It’s really very simple.

    We read Shakespeare and Yeats because they are transcendent, because they express with eloquence and unimaginable artistry the truth of the human condition. We do so, most selfishly, because they speak to us …because they move us and inspire us to be something more than what we are or what we were before we read them.

    So then, what do we find, as acolytes and pilgrims, entering this, our Glastonbury? What do those drunk on Faulkner, Eliot, Keats, Dickens, and Conrad…what do they encounter cross that threshold? Why a full-color ad for the latest Pick-Up Truck and SoundSleep Mattress, of course! They find Paid-For-Political Announcements, and Hot-Links to ‘Make a Contribution Today’ opportunities. “Step right up!”, the Faculty Barker says, ” Welcome to the Police Defunding Strike-A-Poses and Systemic This and Activist That Department of What Used to Be English Literature. How can we help ya…what d’ya need?”

    “Never mind,” we say, “What I want you obviously don’t have. What I need you’ve already lost.”

    ““Sometimes love is taken away unjustly, but not until the very end do you stop believing and then it is very bitter. It is bitter because somewhere within you the perfect standard still lives, the pure expectation against which failure and betrayal are contrasted like the dark shadows on a moonlit road.” (Mark Helprin).

    This is the time of dark shadows.

  2. Even thirty years ago, the English Department at the institution where I was teaching history was a sewer of left-wing political activism. The way to deal with such such English Departments and such kindred of offshoots as ethnic studies is to end distribution requirements that force students to take their courses. The myth off a well-rounded general education is an obsolete dream–a practical impossibility given mass higher education. We should return to a totally free choice selection of. courses with the only limitation a minimum set for a given major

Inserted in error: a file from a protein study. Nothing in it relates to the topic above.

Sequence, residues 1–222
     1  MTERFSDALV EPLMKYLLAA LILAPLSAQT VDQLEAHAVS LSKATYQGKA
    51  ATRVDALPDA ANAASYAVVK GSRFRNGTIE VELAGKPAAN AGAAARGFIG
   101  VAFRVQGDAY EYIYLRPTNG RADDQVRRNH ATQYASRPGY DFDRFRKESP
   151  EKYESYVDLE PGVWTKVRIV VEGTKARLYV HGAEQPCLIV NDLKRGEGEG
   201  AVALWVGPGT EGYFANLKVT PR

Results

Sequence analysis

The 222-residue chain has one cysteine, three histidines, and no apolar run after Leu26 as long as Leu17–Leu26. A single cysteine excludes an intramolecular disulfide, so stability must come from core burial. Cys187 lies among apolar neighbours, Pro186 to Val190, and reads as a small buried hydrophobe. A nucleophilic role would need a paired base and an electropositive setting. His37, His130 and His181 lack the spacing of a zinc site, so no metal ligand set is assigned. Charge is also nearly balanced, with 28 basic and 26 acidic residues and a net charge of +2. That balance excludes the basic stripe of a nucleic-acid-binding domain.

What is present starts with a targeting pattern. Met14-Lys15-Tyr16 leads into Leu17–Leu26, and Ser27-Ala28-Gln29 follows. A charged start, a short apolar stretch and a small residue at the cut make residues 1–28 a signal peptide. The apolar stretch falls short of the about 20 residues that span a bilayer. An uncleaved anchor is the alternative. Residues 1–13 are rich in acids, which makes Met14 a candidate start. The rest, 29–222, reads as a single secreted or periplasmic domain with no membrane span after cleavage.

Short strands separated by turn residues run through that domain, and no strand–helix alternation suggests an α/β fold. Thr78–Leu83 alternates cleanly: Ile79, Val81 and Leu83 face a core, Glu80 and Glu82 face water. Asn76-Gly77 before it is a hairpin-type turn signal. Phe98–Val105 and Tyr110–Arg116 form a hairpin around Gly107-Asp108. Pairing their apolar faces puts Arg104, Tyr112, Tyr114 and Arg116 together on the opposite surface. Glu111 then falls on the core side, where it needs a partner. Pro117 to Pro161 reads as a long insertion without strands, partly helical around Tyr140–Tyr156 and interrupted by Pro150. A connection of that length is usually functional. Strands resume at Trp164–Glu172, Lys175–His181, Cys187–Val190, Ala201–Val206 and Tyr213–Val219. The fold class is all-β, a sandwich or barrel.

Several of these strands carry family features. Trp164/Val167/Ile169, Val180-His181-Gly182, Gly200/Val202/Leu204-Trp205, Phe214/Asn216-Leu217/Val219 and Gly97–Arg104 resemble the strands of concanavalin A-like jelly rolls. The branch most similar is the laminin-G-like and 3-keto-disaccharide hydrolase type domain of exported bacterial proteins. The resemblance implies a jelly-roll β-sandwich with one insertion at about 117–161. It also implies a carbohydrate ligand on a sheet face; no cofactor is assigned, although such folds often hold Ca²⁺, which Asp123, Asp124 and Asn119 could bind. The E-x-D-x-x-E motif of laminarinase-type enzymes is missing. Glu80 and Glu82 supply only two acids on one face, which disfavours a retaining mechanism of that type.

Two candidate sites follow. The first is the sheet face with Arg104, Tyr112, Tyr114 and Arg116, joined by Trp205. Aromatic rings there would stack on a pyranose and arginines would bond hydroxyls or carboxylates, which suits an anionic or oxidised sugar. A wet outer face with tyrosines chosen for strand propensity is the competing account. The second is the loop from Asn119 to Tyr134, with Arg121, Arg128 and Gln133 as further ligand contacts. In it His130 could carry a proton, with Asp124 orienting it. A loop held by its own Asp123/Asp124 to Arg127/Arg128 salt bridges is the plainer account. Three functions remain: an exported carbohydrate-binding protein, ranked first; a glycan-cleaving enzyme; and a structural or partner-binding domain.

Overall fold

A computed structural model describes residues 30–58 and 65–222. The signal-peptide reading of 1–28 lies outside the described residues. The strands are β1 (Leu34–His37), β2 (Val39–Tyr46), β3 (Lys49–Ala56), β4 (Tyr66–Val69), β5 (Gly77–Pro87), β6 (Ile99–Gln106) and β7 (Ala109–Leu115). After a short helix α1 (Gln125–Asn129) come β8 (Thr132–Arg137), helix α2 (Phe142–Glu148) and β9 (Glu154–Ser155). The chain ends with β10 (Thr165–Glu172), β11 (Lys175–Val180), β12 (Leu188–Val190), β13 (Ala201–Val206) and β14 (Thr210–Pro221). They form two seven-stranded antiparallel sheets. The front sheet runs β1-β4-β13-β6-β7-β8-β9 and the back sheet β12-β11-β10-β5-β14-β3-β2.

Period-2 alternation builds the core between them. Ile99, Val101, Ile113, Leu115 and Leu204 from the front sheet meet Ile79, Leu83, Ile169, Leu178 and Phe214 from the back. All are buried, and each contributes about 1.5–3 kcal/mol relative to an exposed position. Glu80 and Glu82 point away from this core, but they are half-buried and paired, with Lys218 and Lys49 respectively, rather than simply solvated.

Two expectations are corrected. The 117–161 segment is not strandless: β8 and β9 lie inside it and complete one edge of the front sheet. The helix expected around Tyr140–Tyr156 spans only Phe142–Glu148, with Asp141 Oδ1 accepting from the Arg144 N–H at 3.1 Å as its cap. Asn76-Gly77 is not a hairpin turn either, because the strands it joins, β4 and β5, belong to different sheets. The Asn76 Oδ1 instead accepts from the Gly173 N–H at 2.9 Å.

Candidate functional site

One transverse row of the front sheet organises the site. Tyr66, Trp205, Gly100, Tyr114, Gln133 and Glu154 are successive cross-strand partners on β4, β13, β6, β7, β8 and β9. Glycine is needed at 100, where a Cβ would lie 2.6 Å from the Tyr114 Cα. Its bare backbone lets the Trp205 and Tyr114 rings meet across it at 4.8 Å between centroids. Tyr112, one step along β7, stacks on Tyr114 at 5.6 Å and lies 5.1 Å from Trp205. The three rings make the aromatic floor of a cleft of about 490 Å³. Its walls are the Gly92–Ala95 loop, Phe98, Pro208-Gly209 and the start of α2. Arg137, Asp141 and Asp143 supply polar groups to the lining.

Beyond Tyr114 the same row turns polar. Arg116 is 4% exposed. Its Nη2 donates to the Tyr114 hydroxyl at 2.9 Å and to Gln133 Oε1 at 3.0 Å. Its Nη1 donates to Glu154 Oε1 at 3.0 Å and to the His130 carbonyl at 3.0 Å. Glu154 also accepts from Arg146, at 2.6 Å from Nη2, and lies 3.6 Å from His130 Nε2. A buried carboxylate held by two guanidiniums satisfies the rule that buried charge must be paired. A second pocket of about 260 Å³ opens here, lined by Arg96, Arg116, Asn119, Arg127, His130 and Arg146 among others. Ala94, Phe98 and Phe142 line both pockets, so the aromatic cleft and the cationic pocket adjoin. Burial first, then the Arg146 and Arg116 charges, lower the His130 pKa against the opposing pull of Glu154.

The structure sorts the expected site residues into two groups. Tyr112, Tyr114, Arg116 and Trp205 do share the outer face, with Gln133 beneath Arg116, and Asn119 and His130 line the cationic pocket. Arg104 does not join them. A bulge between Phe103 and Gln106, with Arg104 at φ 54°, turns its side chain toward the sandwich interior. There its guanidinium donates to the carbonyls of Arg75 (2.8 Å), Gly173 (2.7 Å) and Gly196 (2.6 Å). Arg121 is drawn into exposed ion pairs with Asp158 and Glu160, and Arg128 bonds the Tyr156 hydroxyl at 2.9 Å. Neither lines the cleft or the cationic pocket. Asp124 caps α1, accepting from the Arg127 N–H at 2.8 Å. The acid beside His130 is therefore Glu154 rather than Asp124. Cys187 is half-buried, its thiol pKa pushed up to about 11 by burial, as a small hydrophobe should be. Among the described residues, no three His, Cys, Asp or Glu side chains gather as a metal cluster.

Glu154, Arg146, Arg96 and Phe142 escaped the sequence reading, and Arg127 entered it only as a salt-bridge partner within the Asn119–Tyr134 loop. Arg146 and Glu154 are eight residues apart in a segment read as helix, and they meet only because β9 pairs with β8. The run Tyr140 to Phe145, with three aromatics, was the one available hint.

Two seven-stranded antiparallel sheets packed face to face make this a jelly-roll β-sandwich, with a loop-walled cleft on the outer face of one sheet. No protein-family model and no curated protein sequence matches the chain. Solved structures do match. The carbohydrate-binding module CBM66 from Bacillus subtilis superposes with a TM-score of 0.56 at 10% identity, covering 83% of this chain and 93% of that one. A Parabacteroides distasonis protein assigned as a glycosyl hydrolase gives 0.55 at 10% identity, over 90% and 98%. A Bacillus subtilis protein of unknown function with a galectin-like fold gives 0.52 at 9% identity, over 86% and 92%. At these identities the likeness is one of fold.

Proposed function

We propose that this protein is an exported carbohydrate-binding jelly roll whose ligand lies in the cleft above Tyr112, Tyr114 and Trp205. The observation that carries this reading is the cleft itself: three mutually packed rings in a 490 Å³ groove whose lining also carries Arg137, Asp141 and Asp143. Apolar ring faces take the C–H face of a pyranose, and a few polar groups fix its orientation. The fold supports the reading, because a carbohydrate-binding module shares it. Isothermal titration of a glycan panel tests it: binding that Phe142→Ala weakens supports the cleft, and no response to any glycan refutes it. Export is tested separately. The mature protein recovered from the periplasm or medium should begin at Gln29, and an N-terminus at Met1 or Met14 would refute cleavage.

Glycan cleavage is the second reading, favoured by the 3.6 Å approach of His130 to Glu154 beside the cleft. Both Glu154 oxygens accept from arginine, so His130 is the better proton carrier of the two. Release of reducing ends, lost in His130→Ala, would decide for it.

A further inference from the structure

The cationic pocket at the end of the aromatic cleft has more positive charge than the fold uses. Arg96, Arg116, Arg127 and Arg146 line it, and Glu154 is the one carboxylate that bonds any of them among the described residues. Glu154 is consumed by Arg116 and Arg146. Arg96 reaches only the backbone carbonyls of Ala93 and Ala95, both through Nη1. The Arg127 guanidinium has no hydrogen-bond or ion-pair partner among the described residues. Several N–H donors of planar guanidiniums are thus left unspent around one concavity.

3. Humanities departments need to look around. For those with a love of history, literature or similar subjects the need for an expensive university education is rapidly disappearing. Would-be students can study those fields for free via podcasts or streaming videos. For instance, if you want to understand the history of English, you don’t need to pay Syracuse University thousands of dollars for tuition and board. You can simply listen to this podcast.

    https://historyofenglishpodcast.com

    Take it from someone who majored in engineering, the impact of that change is uneven. Most of the content of the humanities is easily acquired by listening, reading and seeing. I took such courses and considered them a breeze. Studying the hard sciences and math is far more demanding. In those fields, students benefit from the pressures to learn created by professors, classes, test and labs. That’s the only way to beat the grind of learning differential equations.

    Turning those humanities into BLM advocacy is even more foolish. Those who want to get into political activism can just do it. They don’t need to force their parents to pay Syracuse $50,000 or more a year for the opportunity.

    1. I generally agree, but there’s a role for high-level humanities in the Universities. That they are doing a bad job doesn’t change that. I mean, I can lean to code with a bunch of books on my own time, too.

  4. Cornell’s recent move to change the name of the English Department to ” “the department of literatures in English” (Cornell Daily Sun) pales in comparison to the Syracuse English Department’s complete surrender to the woke militia.